Wednesday, October 20, 2004

  • Wednesday, October 20, 2004
  • Elder of Ziyon
By Joshua Muravchik, Joshua Muravchik, a resident scholar at the American Enterprise Institute, is working on a study of the United Nations that will be published by the AEI Press early next year.

This month, the United Nations Security Council voted to condemn terrorism. The resolution was introduced by Russia, still grieving over the terrorist attack on a school in Beslan, and perhaps the unanimous vote will give it a measure of solace.

But the convoluted text and the dealings behind the scenes that were necessary to secure agreement on it offer cold comfort to anyone who cares about winning the war against terrorism. For what they reveal is that even after Beslan and after Madrid and after 9/11, the U.N. still cannot bring itself to oppose terrorism unequivocally.

The reason for this failure is that the Organization of the Islamic Conference, which comprises 56 of the U.N.'s 191 members, defends terrorism as a right.

After the Security Council vote, U.S. Ambassador to the United Nations John C. Danforth tried to put the best face on the resolution. He said it "states very simply that the deliberate massacre of innocents is never justifiable in any cause. Never."

But in fact it does not state this. Nor has any U.N. resolution ever stated it. The U.S. delegation tried to get such language into the resolution, but it was rebuffed by Algeria and Pakistan, the two OIC members currently sitting on the Security Council. (They have no veto, but the resolution's sponsors were willing to water down the text in return for a unanimous vote.)

True, the final resolution condemns "all acts of terrorism irrespective of their motivation." This sounds clear, but in the Alice-in-Wonderland lexicon of the U.N., the term "acts of terrorism" does not mean what it seems.

For eight years now, a U.N. committee has labored to draft a "comprehensive convention on international terrorism." It has been stalled since Day 1 on the issue of "defining" terrorism. But what is the mystery? At bottom everyone understands what terrorism is: the deliberate targeting of civilians. The Islamic Conference, however, has insisted that terrorism must be defined not by the nature of the act but by its purpose. In this view, any act done in the cause of "national liberation," no matter how bestial or how random or defenseless the victims, cannot be considered terrorism.

This boils down to saying that terrorism on behalf of bad causes is bad, but terrorism on behalf of good causes is good. Obviously, anyone who takes such a position is not against terrorism at all — but only against bad causes.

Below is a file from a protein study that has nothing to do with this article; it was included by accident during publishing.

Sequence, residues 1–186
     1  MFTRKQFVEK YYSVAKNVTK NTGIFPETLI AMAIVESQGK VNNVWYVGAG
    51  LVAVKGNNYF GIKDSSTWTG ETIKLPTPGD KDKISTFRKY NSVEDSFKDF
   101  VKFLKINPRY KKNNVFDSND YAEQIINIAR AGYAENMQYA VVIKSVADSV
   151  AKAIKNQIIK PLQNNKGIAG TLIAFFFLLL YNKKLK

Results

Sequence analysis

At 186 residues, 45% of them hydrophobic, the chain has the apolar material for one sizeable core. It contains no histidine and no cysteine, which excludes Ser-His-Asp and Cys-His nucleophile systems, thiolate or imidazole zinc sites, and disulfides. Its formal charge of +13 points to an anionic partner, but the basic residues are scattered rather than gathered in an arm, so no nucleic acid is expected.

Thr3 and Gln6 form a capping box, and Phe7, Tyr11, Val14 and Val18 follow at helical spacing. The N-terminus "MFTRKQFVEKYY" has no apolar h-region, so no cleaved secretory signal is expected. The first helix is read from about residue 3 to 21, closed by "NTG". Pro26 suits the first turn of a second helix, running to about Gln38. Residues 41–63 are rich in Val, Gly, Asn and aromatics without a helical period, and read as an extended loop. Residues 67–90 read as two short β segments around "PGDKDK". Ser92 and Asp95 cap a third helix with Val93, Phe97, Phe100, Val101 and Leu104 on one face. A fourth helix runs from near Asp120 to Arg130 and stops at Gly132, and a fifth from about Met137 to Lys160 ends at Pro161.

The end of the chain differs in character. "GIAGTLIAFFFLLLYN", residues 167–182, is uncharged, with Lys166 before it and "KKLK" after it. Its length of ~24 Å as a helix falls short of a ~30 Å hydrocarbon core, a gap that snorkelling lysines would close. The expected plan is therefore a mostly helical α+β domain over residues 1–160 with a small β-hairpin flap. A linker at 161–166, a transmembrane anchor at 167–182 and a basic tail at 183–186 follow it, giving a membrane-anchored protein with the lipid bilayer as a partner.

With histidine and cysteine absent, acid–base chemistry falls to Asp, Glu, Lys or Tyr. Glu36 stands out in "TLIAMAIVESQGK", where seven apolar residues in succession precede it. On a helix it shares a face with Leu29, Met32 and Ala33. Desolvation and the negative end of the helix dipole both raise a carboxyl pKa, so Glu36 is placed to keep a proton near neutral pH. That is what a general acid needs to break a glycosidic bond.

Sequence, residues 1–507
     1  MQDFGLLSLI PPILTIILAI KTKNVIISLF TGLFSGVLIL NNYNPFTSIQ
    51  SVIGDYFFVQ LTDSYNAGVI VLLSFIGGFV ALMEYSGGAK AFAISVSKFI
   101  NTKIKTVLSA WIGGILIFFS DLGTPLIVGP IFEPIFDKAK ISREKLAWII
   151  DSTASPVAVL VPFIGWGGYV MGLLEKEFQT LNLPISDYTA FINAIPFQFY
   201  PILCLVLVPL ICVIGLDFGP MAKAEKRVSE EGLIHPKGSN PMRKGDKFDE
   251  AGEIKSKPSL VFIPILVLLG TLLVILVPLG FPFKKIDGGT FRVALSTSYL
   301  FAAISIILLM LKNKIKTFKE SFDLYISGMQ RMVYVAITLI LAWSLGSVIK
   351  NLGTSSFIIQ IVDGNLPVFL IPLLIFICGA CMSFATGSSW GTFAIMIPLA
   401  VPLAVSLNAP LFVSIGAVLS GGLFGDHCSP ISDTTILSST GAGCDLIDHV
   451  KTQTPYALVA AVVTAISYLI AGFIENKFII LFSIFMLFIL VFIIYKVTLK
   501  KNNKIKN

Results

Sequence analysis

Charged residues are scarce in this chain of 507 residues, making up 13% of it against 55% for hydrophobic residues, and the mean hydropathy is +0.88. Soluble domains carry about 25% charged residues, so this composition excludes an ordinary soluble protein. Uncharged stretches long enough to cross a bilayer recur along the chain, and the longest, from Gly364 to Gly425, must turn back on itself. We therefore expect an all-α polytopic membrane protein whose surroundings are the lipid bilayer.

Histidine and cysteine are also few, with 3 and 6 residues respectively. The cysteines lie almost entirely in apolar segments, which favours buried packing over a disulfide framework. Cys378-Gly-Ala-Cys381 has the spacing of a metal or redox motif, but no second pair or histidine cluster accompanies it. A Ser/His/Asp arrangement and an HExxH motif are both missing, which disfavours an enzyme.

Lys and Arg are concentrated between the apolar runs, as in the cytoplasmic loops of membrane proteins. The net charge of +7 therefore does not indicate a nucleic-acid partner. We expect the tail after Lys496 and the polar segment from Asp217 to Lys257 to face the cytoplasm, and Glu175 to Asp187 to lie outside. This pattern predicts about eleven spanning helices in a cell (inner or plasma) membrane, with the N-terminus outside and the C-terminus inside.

The U.S. is not alone in failing to get the Islamic states to reconsider their pro-terror stance. Following 9/11, U.N. Secretary-General Kofi Annan pushed to break the deadlock on the terrorism convention. He endorsed compromise language proscribing terrorism unambiguously while reaffirming the right of self-determination. But the Islamic Conference would not budge.

Far from giving ground on terrorism, the Islamic states have often gotten their way on the issue, with others giving in to them. As early as 1970, for instance, the U.N. General Assembly adopted a resolution "reaffirm[ing] … the legitimacy of the struggle of the colonial peoples and peoples under alien domination to exercise their right to self-determination and independence by all the necessary means at their disposal."

Everyone understood that this final phrase was code for terrorism. Similar formulas have been adopted repeatedly in the years since. Originally, the Western European states joined the U.S. in voting against such motions. But in each of the last few years the U.N. Commission on Human Rights has adopted such a resolution with regard to the Palestinian struggle against Israel, with almost all the European members voting in favor.

Danforth may feel that the U.S. position was vindicated in the new Security Council resolution, but that is not what OIC representatives think. As Pakistan's envoy to the U.N., Munir Akram, put it: "We ought not, in our desire to confront terrorism, erode the principle of the legitimacy of national resistance that we have upheld for 50 years." Accordingly, he expressed satisfaction with the resolution: "It doesn't open any new doors."

Who is right? Hours of parsing the resolution won't resolve that question. But in the end it does not matter. As long as the Islamic states resist any blanket condemnation of terrorism, we will remain a long way from ridding the Earth of its scourge. And the U.N., in which they account for nearly one-third of the votes, will be helpless to bring us any closer.

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